Scene: A hospital recovery room in Belize. It is devoid of color, character and any hint of modernity. I think of the style as “institutional gothic.” It is early evening, there are six beds, all of them filled. Three are young men in their late teens, early 20s. All three have broken right legs, plus scrapes, bruises. Two have their right arms in casts. All have been in motorcycle accidents.
On the other side of the room in the bed closest to the door is a young guy whose lungs were punctured in a knife attack outside of a Belize City nightclub on Saturday night. In the middle bed is a much older — and very caucasian — expat, looking very, very lost. In the bed closest to the window is Franklin Grant, a quiet and gentle rasta guy with a scraggly beard, red eyes and no legs.
Over each bed is a dusty metal fan. They sweep the room 24-7 and provide what little relief there is from the heat. No air conditioning, no nurse’s call button, no button to adjust the beds.
Into the room bursts the busily portentous and bald headed doctor followed a retinue of young women in white, all carrying clipboards or notebooks, with two doctorly looking men trailing. Probably interns. They carry no notebooks and project studiously bored looks.
The doctor — clearly feeling like a big fish in a small pond — immediately crosses the stage, ignoring all other patients, and beams at Franklin Grant, a gentle man in his early 40’s who has lost his legs to diabetes.
“Mr. Grant, so good to see you again! What brings you in this time?” he sings.
“Kidney stones,” says Grant in a shy, subdued voice.
The doctor nods, smiles, sends up a few pleasantries then offers a knuckle bump and moves on to the trio of cycle crashers.
As if they aren’t even there, he offers a quick bio at the foot of each bed. He turns to his acolytes for additional details. For each patient a nurse has a bit more information on their medical circumstances. (This can be sung in bright call-and-response style.)
The repartee is fast, sharp and intense — like a final exam — almost operatic. The doctor sometimes cuts the speakers off with “Uninteresting” or “Irrelevant” and asks for other details. Almost in synch, the students — serving as chorus — jot down everything said in their notebooks.
(Note: Goal here is to quickly and neatly unveil the storyline of each patient.)
The entire group then walks past the expat as if he were invisible. They stop at the bed of Knife Wound. The chief doctor tries some snappy “street” dialogue. Knife Wound stares back at him. It is a steady, inscrutable look. He is guarded, unwelcoming. At any other time you can see the pain in his eyes, the bewilderment over how he got here and the brief, kind, smile he has for the other patients.
The doctor quickly retreats to his formal role and they discuss the patient’s wounds and the resulting collapsed lung. Like ducklings behind their mom, the whole group bustles out of the room in a whirlwind of chatter..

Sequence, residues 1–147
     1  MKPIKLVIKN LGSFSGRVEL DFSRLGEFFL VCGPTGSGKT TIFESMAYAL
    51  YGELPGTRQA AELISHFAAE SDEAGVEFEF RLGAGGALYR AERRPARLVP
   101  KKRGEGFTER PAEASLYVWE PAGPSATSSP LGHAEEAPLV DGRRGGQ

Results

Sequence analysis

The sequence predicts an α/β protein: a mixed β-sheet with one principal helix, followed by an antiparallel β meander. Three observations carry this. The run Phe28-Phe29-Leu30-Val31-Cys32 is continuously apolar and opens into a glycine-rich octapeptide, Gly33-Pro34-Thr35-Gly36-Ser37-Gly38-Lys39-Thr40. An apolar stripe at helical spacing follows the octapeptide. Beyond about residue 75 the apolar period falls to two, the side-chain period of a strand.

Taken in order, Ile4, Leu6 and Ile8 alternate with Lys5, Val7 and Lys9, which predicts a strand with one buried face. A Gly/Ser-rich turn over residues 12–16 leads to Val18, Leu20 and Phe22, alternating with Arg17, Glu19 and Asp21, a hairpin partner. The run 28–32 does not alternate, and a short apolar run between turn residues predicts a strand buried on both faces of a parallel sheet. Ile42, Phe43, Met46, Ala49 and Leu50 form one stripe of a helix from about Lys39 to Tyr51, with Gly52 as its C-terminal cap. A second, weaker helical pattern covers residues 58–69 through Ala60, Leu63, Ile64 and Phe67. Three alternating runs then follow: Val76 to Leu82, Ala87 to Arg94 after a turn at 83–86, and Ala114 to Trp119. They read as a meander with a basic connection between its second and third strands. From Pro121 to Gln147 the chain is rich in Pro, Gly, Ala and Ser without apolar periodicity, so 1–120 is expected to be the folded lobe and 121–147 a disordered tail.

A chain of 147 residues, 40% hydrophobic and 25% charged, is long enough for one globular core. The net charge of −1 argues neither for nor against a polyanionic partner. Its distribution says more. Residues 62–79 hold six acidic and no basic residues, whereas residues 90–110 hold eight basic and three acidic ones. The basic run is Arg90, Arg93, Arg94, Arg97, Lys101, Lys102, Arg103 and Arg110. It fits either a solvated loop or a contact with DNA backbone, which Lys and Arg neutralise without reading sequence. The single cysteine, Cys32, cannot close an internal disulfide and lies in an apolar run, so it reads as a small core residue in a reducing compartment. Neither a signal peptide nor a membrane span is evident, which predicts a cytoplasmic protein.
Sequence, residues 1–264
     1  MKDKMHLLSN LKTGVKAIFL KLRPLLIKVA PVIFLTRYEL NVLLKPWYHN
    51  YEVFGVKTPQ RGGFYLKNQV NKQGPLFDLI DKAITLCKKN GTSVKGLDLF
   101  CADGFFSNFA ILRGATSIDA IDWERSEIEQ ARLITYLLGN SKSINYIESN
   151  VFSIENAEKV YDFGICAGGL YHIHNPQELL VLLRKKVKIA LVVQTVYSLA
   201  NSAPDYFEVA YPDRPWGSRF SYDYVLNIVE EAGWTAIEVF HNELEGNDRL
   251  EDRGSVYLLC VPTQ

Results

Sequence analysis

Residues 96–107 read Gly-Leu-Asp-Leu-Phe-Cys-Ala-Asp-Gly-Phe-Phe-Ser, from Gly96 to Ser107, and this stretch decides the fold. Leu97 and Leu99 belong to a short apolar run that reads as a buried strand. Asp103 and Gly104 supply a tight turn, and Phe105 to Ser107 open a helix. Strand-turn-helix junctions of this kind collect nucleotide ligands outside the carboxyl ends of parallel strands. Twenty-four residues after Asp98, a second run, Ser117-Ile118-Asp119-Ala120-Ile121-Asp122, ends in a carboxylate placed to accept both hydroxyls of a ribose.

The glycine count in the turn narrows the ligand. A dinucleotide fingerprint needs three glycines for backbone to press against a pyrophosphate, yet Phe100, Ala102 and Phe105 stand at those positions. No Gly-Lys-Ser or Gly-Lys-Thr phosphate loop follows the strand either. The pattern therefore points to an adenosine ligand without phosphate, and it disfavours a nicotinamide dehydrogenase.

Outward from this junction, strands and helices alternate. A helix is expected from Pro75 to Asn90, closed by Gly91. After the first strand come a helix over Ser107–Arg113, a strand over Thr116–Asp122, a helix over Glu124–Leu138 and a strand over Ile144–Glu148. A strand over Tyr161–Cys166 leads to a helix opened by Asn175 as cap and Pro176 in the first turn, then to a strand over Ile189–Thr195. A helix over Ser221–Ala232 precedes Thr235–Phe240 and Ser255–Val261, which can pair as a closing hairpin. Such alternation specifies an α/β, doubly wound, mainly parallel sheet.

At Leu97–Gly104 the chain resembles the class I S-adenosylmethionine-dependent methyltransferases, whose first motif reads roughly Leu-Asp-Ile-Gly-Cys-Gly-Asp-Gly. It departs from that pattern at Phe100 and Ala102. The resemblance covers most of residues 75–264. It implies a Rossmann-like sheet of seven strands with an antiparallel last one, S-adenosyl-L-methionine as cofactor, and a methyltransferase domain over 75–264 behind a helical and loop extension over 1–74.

The room grows silent again.
Slowly and awkwardly the three crash victims rise from their beds and form a trio under the spotlight, center stage. They begin singing in street corner do-wop style about their crashes, the number of Beliken beers they’d been drinking before their accidents and the pain they feel.
The number starts slowly then builds in power and agility until it is pretty clear that once these wounds are healed they will be back on their bikes again.
OK, this is a very rough sketch of my new Off Off Broadway musical, “Recovery: Belize.” Think “Book of Mormon” meets a an “ER” telenovella.
The musical may also includes
* the rousing revival number “Tuesday is Come to Jesus Night” during which religious advocates of all persuasions flood the ward, bibles in hand, to witness the Word to a captive audience;
* the 60’s girl group-inflected “It’s a Job, Baby” sung by a trio of hospital aides with a group of adult-sized dancing urine bags holding rag mops behind them;
* the solo show-stopping “Respect” by a young and attractive student nurse who must ward off the groping hands of male patients as she tries to make her rounds in a professional manner;
* a taut island-inflected lament by Knife Wound, “Misunderstood” under a solo light on an all black stage;
* a charming, emotional reggae-pop solo by the legless, homeless, diabetic rasta dude, Mr. Grant, ”Keeping Da Faith”;
* a large-group Broadway show tune “Doing What We Gotta Do” that includes the many family members of the patients, who feed their sons, sleep on the floor, read and weep for them.
* an international cast that includes Cuban, Mexican and Guatemalan doctors; Taiwanese and Philippine nurses; U.S. physicians and their Belizean counterparts all sing a “West Side Story”- like number that highlights the cultural divisions but ultimately has them pulling together;
That’s all I have so far. I’m toying with a budding romance between the student nurse and Knife Wound, as the central story.
Oh, the expat guy? That would be me. I still haven’t quite figured out how he fits into all this, if he ever really does at all.
Here’s where our story actually begins:
Some persistent internal bleeding over the Memorial Day weekend forced me to take the last Tropic Air puddlehopper out of San Pedro on Sunday to check into the national hospital in Belize City. It is called the Karl Heusner Memorial Hospital, aka KHMH or, as a Belize City cabbie once told me, “Kill Him now or Murder Him later.” He laughed. I didn’t.
It does not have a great reputation. But in a tiny Caribbean nation on a holiday weekend (it is called Founders’ Day here) the options are limited.
On the exterior, KHMH lives up to its reputation. The building is big, ugly and old, overused and in need of much repair. Just like me. Same on the interior (again, just like me). So, “what the hell,” I thought, and walked in past the barbed wired security fencing and steady, if disinterested, gaze of the guards.
My first pleasant surprise was that I was eligible for a 25 percent “golden citizen” discount on the Emergency Room fee. So I happily paid the $7.50 BZE /$3.75 USD. It took a couple of hours before I got to see the triage nurse but once inside, the medical staff was first rate — and probably relieved to have something other than gunshot and machete wounds to deal with on a holiday weekend.